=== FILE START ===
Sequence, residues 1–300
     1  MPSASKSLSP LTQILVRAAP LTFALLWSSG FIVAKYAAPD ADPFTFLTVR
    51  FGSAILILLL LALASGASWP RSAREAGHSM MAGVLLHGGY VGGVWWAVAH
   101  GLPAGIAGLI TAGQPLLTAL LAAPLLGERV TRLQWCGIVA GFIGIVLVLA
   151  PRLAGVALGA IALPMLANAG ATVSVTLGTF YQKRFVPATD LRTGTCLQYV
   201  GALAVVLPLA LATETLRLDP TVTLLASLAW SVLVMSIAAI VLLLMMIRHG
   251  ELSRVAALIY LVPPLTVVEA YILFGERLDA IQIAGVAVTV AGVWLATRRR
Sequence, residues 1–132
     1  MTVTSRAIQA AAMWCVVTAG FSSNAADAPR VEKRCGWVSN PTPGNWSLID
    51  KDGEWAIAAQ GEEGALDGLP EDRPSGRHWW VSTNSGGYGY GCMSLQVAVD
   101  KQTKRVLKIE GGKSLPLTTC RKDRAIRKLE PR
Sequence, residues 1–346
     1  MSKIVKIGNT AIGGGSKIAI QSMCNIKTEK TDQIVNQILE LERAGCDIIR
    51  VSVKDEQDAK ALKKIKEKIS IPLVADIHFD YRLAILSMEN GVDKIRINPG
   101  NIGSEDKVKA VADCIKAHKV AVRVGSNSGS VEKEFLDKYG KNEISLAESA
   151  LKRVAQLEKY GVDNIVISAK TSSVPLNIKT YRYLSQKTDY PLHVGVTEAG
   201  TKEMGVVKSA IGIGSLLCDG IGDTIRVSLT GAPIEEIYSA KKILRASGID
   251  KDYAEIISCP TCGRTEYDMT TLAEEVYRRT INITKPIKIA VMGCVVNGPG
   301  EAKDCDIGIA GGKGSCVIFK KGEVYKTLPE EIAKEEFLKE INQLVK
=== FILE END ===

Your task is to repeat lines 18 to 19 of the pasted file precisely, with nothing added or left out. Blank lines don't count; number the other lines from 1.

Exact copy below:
   251  KDYAEIISCP TCGRTEYDMT TLAEEVYRRT INITKPIKIA VMGCVVNGPG
   301  EAKDCDIGIA GGKGSCVIFK KGEVYKTLPE EIAKEEFLKE INQLVK